The American Dilemma and How We Can Fix It


My father died quite suddenly as he and mom were returning from one of his buying trips to the Orient.  They were having breakfast on the patio of the hotel restaurant in Hawaii where they were staying for the day.  Suddenly, dad fell over.  He was dead of a massive myocardial infarction.

Mom became hysterical – not only at the loss of her husband but at the swiftness with which death took him.  The hotel’s doctor had to sedate her to keep her calm and it was only after the medication began to take effect that she regained the presence of mind to call and let me know what had happened.  I made arrangements to fly to Honolulu the following morning.

I realized that I was going to have to take charge of the situation and make the necessary arrangements because mom was simply too emotional to think rationally.  That was so unlike her but her grief had overwhelmed her customary sensibility.

So we had dad cremated in Hawaii and planned on having a memorial service back in New York.  Dad wanted his ashes scattered in the Sea of Japan and his Japanese Agent, Yoshinori Yassuda performed the service according to his Shinto beliefs.

Mom and I tried to get on with our lives as best we could as a two person family.  At least mom had her business to keep her occupied and having something to focus on other than the emptiness of the apartment helped her through this time.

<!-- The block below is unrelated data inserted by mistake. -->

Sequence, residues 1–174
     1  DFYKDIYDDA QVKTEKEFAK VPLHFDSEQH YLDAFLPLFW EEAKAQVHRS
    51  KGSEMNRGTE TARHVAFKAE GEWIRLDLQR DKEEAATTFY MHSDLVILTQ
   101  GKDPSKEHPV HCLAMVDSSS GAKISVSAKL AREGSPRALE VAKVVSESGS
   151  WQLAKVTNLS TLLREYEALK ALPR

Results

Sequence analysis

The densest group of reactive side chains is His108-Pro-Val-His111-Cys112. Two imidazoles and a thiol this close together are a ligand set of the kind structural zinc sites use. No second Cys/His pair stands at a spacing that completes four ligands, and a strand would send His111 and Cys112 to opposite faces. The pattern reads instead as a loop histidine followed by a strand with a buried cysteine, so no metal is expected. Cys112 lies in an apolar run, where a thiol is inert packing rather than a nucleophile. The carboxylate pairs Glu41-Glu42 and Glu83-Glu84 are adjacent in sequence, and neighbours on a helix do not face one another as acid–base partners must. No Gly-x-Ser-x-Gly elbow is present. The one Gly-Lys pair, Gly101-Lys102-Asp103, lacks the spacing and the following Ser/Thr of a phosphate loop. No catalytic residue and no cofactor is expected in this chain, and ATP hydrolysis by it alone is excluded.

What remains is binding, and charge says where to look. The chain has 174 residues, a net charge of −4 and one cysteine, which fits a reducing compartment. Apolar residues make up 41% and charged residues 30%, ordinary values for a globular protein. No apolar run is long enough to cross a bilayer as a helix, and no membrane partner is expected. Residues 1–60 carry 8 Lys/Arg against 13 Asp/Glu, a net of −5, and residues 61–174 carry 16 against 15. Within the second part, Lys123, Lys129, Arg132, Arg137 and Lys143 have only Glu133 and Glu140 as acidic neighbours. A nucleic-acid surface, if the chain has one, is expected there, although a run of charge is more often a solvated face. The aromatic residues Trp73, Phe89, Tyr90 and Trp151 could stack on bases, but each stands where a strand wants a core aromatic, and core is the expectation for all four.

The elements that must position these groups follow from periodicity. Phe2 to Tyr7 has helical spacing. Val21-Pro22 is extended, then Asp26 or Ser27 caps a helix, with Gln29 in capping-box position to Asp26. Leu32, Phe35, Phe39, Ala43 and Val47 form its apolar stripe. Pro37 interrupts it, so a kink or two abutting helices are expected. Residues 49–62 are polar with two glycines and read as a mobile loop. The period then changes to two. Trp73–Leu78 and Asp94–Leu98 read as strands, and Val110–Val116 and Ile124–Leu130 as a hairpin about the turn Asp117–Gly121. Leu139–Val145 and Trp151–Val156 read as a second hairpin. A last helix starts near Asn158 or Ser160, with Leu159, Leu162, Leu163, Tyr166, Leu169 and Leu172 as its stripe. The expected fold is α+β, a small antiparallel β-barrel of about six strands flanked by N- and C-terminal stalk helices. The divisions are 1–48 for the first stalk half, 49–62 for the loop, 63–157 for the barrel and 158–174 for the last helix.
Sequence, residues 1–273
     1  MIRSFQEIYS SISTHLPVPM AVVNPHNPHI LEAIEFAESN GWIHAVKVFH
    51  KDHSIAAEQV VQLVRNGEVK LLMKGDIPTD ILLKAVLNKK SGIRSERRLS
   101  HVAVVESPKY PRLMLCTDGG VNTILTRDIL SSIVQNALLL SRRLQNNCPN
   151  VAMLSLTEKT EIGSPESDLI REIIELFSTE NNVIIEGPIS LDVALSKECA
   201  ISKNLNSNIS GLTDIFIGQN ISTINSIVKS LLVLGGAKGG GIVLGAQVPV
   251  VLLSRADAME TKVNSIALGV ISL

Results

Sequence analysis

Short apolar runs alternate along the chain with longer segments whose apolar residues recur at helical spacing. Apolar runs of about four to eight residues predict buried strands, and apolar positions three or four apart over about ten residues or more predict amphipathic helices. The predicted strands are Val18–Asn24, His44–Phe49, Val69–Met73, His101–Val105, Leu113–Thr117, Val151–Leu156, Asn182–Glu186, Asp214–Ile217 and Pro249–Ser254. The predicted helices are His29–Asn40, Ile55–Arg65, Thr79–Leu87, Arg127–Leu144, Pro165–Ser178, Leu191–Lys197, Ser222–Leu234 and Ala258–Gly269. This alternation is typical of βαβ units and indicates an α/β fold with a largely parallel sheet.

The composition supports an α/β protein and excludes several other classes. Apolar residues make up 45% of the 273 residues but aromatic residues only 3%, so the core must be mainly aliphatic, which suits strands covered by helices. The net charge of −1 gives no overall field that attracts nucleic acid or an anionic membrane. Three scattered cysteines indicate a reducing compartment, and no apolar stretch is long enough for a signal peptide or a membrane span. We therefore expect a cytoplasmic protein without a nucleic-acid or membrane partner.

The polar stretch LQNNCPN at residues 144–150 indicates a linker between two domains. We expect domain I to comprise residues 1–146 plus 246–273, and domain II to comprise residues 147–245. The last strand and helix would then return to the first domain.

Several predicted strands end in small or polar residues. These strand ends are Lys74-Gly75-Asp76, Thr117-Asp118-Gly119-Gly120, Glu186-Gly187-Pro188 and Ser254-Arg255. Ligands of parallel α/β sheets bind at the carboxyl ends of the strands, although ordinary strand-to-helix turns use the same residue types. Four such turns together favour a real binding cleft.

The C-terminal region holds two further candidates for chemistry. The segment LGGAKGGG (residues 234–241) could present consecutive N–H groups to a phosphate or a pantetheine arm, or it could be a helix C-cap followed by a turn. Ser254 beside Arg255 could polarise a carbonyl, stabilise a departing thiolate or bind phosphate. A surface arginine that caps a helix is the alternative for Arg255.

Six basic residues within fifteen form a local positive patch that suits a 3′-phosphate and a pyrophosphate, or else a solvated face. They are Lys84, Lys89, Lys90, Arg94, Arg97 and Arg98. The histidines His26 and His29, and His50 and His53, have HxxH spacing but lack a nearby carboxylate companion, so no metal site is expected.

And then the letters started to arrive.  This was at a time when people would actually take the time to sit down, find a nice piece of stationery and write down their thoughts.  A lot of people had a lot of thoughts because over the next three months mom received over two thousand letters from people who had known my father.

In those days news was anything but instantaneous.   An ordinary person’s death was known only through an obituary notice or by word of mouth.  The letters that mom received were from people with whom my father had business dealings over the course of his lifetime.  In some cases they had been written by individuals who had not dealt with dad for over twenty years.  But they remembered him and cared enough to take the time to share their thoughts with my mother.

There was a theme to these letters.  In essence they all said “Your husband was a wonderful man and a friend.  Whenever I placed an order with him I knew that he was going to take great care of me.  I knew that I could count on his word being as good as gold – if not better.  He was a gentleman and a kind human being.  I grieve with you for your family’s loss.”